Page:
(CN) – Arizona voters handily struck down a renewable energy initiative Tuesday and re-elected a Republican governor once seen as vulnerable.
Voters across the state spoke of an urgency to place their votes: either as a show of support for President Donald Trump and the Republican Party, or as a way to speak out against the Trump administration’s agenda.
Outside a school district office in Prescott Valley, Kris Jones said she voted because she wants “Republicans to win.” She also voted against Proposition 127, which would have altered the state constitution to require utility companies to get half their power from renewable sources by 2030. Voters shot down the measure with 69 percent of the vote against.
“I don’t want people mandating it,” Jones said of the proposition. “The ads say it would cost $1,000 more a year. I’m not sure that’s true. I don’t want us being like California.”
In Kingman, a city in northwestern Arizona along the historic Route 66, Cathy Sipe Woodhouse said she also voted against the measure.
“I voted no on Prop. 127 because California’s electric bills skyrocketed and that would happen in Arizona,” Sipe Woodhouse said.
The initiative was strongly opposed by state utility companies and businesses, with the political action committee Arizonans for Affordable Energy spending $30 million against the measure.
Clean Energy for a Healthy Arizona, a PAC funded largely by San Francisco hedge fund billionaire and staunch environmentalist Tom Steyer, spent $29 million to try to pass the initiative.
Bill Vittal, an environmental engineer, did vote in favor of the proposition.
“I wrestled with that, but we’ve got sun here in Arizona and the state needs to do more,” Vittal said.
The current energy standard, set by the Arizona Corporation Commission, requires utilities to get 15 percent of their energy from renewable sources by 2025.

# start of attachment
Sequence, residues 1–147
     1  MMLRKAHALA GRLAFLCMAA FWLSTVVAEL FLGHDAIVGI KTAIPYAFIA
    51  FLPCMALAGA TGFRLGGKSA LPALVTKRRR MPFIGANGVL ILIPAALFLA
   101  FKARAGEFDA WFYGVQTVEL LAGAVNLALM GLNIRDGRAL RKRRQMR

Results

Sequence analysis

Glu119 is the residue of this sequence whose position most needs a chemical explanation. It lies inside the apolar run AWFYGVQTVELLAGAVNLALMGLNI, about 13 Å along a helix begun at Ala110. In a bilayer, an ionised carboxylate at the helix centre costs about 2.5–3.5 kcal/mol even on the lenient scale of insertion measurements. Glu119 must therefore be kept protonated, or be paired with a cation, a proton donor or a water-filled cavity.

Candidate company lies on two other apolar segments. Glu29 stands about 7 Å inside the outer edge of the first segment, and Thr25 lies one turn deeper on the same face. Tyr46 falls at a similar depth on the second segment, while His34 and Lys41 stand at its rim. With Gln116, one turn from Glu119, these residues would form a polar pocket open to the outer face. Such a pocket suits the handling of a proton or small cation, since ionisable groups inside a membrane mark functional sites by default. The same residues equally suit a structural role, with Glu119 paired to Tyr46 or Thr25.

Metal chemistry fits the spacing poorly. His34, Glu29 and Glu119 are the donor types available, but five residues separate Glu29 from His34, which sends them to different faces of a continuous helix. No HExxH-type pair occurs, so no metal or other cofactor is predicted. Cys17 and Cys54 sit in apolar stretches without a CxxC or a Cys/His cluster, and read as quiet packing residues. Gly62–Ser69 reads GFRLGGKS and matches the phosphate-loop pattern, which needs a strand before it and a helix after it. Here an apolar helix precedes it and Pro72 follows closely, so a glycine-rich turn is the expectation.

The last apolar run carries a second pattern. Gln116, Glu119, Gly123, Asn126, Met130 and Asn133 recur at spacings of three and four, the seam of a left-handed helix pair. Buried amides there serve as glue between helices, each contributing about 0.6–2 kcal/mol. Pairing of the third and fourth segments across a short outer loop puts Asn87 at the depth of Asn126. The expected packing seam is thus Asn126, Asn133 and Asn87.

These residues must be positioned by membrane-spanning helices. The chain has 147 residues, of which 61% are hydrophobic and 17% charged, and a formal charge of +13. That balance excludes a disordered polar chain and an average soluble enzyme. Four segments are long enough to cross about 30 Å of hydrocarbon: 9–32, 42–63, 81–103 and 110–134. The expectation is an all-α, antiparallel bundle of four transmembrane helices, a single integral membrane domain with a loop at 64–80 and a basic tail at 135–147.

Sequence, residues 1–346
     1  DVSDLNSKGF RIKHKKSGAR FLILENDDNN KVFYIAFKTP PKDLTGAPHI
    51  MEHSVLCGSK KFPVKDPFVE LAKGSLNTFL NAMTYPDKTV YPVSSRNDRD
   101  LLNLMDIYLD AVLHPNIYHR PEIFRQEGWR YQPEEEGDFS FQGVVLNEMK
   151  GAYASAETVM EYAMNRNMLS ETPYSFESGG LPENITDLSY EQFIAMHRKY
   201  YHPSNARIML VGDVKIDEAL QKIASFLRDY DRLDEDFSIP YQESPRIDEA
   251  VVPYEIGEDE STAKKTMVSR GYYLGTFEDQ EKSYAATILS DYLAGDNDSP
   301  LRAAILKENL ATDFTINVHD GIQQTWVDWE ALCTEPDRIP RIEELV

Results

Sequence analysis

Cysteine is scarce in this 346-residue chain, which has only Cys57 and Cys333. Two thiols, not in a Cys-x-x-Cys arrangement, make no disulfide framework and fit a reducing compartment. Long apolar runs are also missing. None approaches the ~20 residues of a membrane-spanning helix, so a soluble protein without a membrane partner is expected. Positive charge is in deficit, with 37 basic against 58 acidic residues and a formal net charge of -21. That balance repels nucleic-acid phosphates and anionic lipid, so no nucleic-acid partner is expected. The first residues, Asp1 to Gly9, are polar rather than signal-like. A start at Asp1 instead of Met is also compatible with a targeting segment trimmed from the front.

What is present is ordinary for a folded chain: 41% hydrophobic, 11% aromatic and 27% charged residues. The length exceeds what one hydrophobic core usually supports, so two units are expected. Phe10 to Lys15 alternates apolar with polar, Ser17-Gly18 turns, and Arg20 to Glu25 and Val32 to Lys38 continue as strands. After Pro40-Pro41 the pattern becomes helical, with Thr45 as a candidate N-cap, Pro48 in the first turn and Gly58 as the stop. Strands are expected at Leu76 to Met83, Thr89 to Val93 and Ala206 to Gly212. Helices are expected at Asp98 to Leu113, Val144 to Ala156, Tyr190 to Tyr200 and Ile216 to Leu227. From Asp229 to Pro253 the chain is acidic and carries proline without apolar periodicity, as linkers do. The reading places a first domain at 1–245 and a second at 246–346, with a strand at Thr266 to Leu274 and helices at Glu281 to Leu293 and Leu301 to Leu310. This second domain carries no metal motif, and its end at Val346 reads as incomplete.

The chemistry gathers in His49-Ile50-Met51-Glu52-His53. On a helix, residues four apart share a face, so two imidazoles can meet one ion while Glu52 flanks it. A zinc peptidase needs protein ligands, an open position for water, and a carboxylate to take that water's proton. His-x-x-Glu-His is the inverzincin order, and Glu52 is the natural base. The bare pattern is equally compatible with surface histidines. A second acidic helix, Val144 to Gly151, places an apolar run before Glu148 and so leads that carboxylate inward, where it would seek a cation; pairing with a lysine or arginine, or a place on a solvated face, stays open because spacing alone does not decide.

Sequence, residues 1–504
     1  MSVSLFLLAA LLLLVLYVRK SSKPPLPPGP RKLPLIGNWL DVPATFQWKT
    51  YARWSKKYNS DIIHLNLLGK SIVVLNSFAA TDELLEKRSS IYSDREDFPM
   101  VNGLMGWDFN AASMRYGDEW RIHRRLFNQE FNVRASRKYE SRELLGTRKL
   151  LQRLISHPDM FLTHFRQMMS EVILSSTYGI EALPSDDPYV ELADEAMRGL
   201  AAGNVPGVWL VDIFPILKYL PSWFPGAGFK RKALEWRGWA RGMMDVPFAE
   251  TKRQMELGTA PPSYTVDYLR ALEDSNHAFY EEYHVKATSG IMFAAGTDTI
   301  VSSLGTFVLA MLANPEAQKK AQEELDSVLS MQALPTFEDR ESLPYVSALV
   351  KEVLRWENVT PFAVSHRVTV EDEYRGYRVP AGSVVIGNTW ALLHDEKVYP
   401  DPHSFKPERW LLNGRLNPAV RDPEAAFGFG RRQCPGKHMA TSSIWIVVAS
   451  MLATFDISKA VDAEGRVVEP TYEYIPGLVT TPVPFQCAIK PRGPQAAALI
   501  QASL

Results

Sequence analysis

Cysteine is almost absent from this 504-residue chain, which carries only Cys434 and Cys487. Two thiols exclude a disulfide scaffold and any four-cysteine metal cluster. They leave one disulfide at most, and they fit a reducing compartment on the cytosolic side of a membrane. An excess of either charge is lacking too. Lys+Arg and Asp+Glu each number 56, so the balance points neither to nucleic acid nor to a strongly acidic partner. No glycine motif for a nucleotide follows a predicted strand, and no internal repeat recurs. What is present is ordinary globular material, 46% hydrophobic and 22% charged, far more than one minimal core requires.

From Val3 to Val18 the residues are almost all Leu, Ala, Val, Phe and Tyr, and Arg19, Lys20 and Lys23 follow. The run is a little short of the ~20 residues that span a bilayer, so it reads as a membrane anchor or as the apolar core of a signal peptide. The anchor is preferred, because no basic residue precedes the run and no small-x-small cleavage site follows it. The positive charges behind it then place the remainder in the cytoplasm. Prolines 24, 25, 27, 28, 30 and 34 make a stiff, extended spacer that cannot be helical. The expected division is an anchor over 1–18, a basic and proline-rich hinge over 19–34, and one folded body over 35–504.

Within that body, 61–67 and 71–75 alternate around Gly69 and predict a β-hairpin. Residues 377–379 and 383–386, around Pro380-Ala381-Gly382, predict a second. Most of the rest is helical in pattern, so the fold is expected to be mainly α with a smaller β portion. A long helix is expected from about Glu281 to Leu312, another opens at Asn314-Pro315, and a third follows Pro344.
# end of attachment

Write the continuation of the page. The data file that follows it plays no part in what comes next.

Gov. Doug Ducey, a Republican, was easily re-elected to a second term, fending off Democratic opponent David Garcia with 58 percent of the vote.
Ducey, once vulnerable with voters after teachers in Arizona walked out of their classrooms earlier this year to protest low wages, made substantial gains since the primary election.
“I think David Garcia talked himself out of the race when he publicly admitted he would raise taxes and was against the wall,” said Kingman voter Odelia Sumner. “So I voted for Ducey.”
A misstep by Garcia over summer may have clinched the win for Ducey. In July, he joined other Democrats in calls to abolish Immigration and Customs Enforcement, a risky political move in conservative Arizona that diminished the lead Garcia had on Ducey.
“I voted for David Garcia because I like him and I come from a long line of teachers,” said Mert Glancy, a small business owner in Kingman whose father was an Arizona state legislator. “Doug Ducey didn’t do anything for teachers until his feet were put to the fire. He didn’t even meet with them and only ran a last-minute campaign after the teachers walked out.”
Six of the last eight gubernatorial elections in Arizona have gone to Republicans. Janet Napolitano, current president of the University of California and a former U.S. Department of Homeland Security secretary in the Obama administration, was the last Democrat elected to the position.
Just over 2 million voters are projected to have been cast ballots in Tuesday’s election, making it the largest midterm turnout in the state since 2006.
Cochise County in southeast Arizona experienced record numbers.
Minutes before the polls closed, Cochise County elections director Lisa Marra said 11,701 people had voted at the county’s 14 voting centers and more than 30,000 early ballots had been received. Just under 125,000 people live in the rural county.
Outside Yavapai College in Prescott, Molly Beverly said she was encouraged to see people voting and running for office.
“The middle class is really hurting, and the bottom of the middle class is dropping out,” Beverly said.
Shannon Llewellyn, David Morgan and Brad Simmerman contributed to this story.
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